This day has been dreaded by publishers and authors for a decade now. Much like the passing of a cherished relative, denial is inevitable, publishers in particular. But the printed book’s death rattle is obvious for those who are paying attention to the e-book craze. Will printed books disappear completely? No, but the familiar shelves at bookstores and airports will go the way of vinyl records: relegated to collectors and aficionados with breathless whispers of a comeback.
Still not convinced? Consider these recent developments: The share of adults in the United States owning either a tablet or an e-book recently jumped from 18% in December of 2011 to 39% in January of 2012. That’s a doubling of product penetration in one month, fueled by the holiday gift season. The adoption of smartphones is even more pervasive. According to Neilson’s third quarter 2011 Mobile Media Report, over 44 percent of all US mobile phone subscribers now own a smartphone. That’s up from 18 percent, just two years ago. When you look at the prime purchasers, aged 25-34, the number is even larger. Over 62 percent of this age group relies on smartphones for their Web content.
This rapid growth is permanently changing the way that books are distributed, much like the collapse of the traditional music business. Remember the mega-music stores in malls across the country? That was less than a decade ago. They are nowhere to be found today.
Publishers are experiencing a crisis of identity as they struggle to maintain their roles as the gatekeepers of the printed form. The Apple price fixing scandal and its likely repercussions have only increased the angst of the old guard. The uncertainty of the future and the continuing downward pressure on the price of e-books has created a backlash among the big publishers. They are digging in their heels and fortifying their defensive positions.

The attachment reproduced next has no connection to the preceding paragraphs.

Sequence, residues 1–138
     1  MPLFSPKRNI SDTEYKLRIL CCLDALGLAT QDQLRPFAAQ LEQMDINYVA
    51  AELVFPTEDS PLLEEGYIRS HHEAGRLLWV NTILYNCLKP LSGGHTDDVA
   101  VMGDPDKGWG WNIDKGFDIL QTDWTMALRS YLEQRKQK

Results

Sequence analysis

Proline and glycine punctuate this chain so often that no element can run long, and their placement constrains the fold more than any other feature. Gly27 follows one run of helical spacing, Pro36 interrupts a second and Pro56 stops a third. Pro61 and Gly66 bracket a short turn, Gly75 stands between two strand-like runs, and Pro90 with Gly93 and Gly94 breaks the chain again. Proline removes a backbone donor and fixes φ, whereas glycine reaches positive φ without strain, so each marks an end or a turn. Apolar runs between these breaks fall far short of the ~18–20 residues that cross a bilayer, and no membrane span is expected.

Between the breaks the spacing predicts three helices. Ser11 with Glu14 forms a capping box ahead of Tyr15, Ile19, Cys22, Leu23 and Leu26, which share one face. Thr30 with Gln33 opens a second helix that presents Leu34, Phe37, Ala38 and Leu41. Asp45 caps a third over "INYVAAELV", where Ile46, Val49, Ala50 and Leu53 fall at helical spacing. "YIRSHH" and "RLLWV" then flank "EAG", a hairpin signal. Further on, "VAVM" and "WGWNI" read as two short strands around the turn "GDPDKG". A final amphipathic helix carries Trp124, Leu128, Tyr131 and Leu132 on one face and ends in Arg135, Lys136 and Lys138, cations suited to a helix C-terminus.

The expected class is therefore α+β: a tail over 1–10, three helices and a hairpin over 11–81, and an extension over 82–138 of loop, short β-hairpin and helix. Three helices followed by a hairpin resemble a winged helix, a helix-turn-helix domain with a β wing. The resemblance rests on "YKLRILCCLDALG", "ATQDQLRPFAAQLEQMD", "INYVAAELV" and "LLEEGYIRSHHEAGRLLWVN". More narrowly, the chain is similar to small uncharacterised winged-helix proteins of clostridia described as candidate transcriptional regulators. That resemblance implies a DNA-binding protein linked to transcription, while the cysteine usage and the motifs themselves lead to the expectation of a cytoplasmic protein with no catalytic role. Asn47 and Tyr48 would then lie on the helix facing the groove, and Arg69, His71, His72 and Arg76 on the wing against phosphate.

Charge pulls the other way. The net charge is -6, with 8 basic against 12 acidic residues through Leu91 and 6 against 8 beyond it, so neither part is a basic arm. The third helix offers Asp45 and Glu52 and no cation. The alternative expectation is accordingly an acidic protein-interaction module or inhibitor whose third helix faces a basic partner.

Aspiring authors are caught in the crossfire. Publishers have focused resources on their established author brands to the exclusion of their mid-list and first-time authors. A few mega-hit authors like James Patterson, Clive Cussler, and J. K. Rawling have become franchises with teams of young, struggling authors helping to turn out multiple books a year, containing little influence of the author, whose name commands the front cover. Even deceased authors like Robert Ludlum have mysteriously returned from the grave to pen more tomes through the restorative magic of imaginative publishing houses.
Ironically, this retreat of support only encourages new authors to abandon traditional channels and move their works directly to the web. Why endure shrinking ad budgets and royalties when it’s far easier and faster to simply publish original works through digital houses like Amazon’s CreateSpace or Lulu? Self publishing isn’t necessarily a panacea—authors must become their own marketing, public relations, and distribution organizations—but with publishers abandoning these roles even for their own authors, what are the alternatives? If we must take on these roles anyway, why not reap the benefit of higher royalties and publishing schedules measured in days vs. months?
Most authors would rather focus on their primary craft—writing—and leave the marketing and distribution to the publishers. So, are publishers really making a smart move here? If they base their entire profit model on aging author franchises, what happens when those franchises die or retire? Who takes their place, if new authors have already left for the web? Are we doomed to read mass produced Ludlum clones forever?
I seriously doubt it. Publishers will either adapt to this new environment, or they will go extinct. Either way, authors must rethink our roles in the new digital marketplace.
Should we bother to shed a tear for the passing of the dog-eared paperback and leather-bound tome? Printed books don’t possess some magical ability to educate and entertain. In fact, as a story-telling medium, books have a short history. We often forget, that for the majority of human existence, oral traditions passed on stories, myths, and ideas through the generations. Role playing and acting did the same. This Youtube “digital” tale provides a humorous look at the author’s angst over the passing of a beloved oratorical tradition:
Writing is about ideas, and authors should reimagine themselves as Idea Delivery Specialists, not as writers of the printed word. As the humorous story points out, there will always be an adjustment period when traditions change, but the advent of e-Books and tablets offers the opportunity to reinvigorate the transmission of ideas, our primary product. Authors as idea brokers, are back. We control the message and the medium.If you are an established author, you will eventually have to embrace this new medium. Better now than later.
Copyright 2017 by Kent Lester